WAITING time performance at Scotland’s A&E departments has improved for the third successive week, but opposition parties said it was still not good enough.

Official figures showed 75.2 per cent of 24,717 patients were seen within the four-hour target in the week to November 14, up from 73.8% the previous week.

Public Health Scotland also reported 1,243 patients waiting more than eight hours in casualty (down 35 in a week) and 313 waiting more than 12 hours (down 88).

The target is for 95% of patients to be admitted, transferred or discharged within four hours. It has not been met nationally since July 2020.

The Scottish Tories suggested Health Secretary Humza Yousaf's plea for people to think twice before going to A&E was behind the improvement, but attendances actually went up last week.

The latest figure is the third week in a row showing an improvement, albeit from a record low point of just 69.9% of patients being seen on time in the week to October 25.

The worst performing NHS board last week on A&E waits was Forth Valley, where 57.8% of patients were seen on time, followed by NHS Borders (67.%) and NHS Fife (70.4%) 

Scotland’s biggest health board, NHS Greater Glasgow a& Clyde, saw 77.9% of patients on time, with NHS Lothian and NHS Lanarkshire both poorer on 71.6%.

The SNP-Green Government was recently been forced to call in the army to help deal with problems in the ambulance service caused by overflowing A&E units.

Scottish Tory MSP Dr Sandesh Gulhane MSP, said: “Yet again, the SNP Government are miles away from meeting their A&E waiting time target.

 “It’s unacceptable that a quarter of patients are still not being seen within four hours, even with the fabulous support provided by UK Armed Forces. 

“And these figures come after weeks of pleas from Humza Yousaf for only those with life-threatening conditions to attend A&E.

“This strategy of pushing more and more patients towards GP services has had a minimal effect on the A&E crisis, while heaping more pressure on another overwhelmed part of Scotland’s NHS.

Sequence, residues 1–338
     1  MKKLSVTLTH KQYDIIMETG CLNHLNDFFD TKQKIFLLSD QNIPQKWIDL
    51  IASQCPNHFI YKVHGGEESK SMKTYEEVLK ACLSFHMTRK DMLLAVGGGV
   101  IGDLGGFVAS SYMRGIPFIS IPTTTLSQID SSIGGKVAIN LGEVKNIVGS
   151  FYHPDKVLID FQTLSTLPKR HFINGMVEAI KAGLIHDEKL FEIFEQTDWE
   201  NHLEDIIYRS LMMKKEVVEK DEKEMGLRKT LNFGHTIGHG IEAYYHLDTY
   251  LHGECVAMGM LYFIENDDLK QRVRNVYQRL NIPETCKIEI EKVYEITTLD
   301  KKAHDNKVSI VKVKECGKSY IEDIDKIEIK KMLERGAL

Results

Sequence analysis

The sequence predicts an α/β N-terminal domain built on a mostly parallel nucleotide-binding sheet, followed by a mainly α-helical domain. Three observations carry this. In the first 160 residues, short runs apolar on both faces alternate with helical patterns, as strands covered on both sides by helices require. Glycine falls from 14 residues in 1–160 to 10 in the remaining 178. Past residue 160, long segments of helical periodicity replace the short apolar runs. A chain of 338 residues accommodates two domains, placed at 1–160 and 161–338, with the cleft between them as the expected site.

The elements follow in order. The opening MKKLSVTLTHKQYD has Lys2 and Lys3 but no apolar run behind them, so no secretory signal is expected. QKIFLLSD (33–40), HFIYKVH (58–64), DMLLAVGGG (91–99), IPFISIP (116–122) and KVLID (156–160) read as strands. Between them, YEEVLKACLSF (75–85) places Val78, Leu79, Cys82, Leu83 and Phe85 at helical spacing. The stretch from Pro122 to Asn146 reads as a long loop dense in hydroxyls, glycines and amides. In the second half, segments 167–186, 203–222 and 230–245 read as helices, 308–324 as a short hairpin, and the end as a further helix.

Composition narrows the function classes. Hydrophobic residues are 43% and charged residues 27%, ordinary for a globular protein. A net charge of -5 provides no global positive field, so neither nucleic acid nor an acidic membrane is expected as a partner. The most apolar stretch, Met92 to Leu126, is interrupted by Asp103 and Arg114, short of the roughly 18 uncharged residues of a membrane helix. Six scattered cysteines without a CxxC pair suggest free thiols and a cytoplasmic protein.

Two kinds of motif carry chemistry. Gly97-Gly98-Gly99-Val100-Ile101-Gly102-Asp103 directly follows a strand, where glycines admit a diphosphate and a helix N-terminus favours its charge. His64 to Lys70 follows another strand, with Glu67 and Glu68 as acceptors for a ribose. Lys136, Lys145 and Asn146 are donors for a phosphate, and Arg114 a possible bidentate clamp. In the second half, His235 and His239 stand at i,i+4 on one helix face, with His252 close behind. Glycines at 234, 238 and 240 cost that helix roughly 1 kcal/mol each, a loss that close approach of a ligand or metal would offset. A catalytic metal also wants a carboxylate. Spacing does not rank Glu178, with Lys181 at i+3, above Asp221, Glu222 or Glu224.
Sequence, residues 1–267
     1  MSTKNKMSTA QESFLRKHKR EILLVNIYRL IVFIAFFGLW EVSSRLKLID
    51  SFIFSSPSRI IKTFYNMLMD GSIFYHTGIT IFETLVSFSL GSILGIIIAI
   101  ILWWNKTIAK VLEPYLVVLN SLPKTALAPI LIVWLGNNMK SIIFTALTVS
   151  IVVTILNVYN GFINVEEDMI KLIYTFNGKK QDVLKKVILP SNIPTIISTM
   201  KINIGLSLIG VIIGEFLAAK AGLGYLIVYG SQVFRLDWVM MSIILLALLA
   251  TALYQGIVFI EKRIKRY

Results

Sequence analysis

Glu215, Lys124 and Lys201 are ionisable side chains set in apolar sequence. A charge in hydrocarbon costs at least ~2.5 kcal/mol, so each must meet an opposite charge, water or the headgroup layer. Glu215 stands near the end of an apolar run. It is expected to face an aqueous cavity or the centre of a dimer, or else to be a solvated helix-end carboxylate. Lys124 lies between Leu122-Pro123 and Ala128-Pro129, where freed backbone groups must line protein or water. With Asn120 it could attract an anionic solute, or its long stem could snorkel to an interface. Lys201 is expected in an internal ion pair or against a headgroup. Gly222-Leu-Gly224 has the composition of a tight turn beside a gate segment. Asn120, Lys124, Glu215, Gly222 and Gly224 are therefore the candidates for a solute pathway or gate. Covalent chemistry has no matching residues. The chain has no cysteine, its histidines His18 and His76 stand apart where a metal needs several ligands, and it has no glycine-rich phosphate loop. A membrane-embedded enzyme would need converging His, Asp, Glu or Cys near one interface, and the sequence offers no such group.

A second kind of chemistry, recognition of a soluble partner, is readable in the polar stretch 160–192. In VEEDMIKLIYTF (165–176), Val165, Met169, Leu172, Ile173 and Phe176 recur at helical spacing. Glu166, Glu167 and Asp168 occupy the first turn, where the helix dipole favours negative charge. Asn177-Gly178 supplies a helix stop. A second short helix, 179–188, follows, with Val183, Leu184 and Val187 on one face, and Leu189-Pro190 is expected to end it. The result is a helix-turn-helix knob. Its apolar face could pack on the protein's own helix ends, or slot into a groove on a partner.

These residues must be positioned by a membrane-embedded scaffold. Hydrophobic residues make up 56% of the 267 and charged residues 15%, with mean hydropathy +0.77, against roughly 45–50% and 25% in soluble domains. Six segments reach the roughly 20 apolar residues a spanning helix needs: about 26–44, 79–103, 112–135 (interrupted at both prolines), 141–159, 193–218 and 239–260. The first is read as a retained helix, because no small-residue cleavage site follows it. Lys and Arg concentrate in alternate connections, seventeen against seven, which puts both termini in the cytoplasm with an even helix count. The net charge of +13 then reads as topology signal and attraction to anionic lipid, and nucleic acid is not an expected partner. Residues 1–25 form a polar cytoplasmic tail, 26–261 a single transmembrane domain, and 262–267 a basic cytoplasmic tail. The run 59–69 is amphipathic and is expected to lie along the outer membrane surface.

“Since the escalation of the ambulance crisis several months ago, the Health Secretary has made a series of knee-jerk reactions, which we said would not make a difference because there is no joined-up strategy and forward planning.”

Scottish Liberal Democrat leader Alex Cole-Hamilton said: "These long waits are unacceptable. Behind each and every one is a person in pain who has not got the care they need and a host of NHS staff struggling to help them because they don’t have the support.

“The NHS and patients are paying the price of over a decade of SNP mismanagement, and their failures in workforce planning and retention. 

“This autumn’s waits have been the worst on record. The Health Secretary must stop using the pandemic as an excuse for his government’s shortcomings and commit to a full independent inquiry into the avoidable deaths arising from the emergency care crisis.”

A Scottish Government spokeswoman said: “We are seeing a steady improvement in these figures in recent weeks following our investment to address capacity issues in A&E, but we know that emergency units across the UK continue to be hit by the direct and indirect impacts of Covid-19.

“We know that performance may fluctuate as we get into the winter months, but Scotland’s core A&E departments continue to outperform those in the rest of the UK, and have done so for more than six years, with today’s figures confirming three-quarters of people were seen and subsequently admitted, transferred or discharged within four hours at our A&E departments.

“The Health Secretary has been very clear this will be the most difficult winter in NHS history and that’s why we’ve announced £300 million of measures to increase NHS and social care capacity as part of our strategy to simultaneously tackle the various issues combining in extra A&E waits.

“Alongside the additional £10 million investment recently announced to prevent delayed discharge and avoid hospital stays, we recently announced a further £10 million in winter funding which aims to ease pressures in A&E departments and minimise delays that patients are currently experiencing when they need urgent care.

“This includes co-ordinated work to reduce the time people need to spend in hospital so that others can be admitted quickly. It also includes the deployment of expert physio and occupational therapy staff at A&E units to help triage people best treated elsewhere."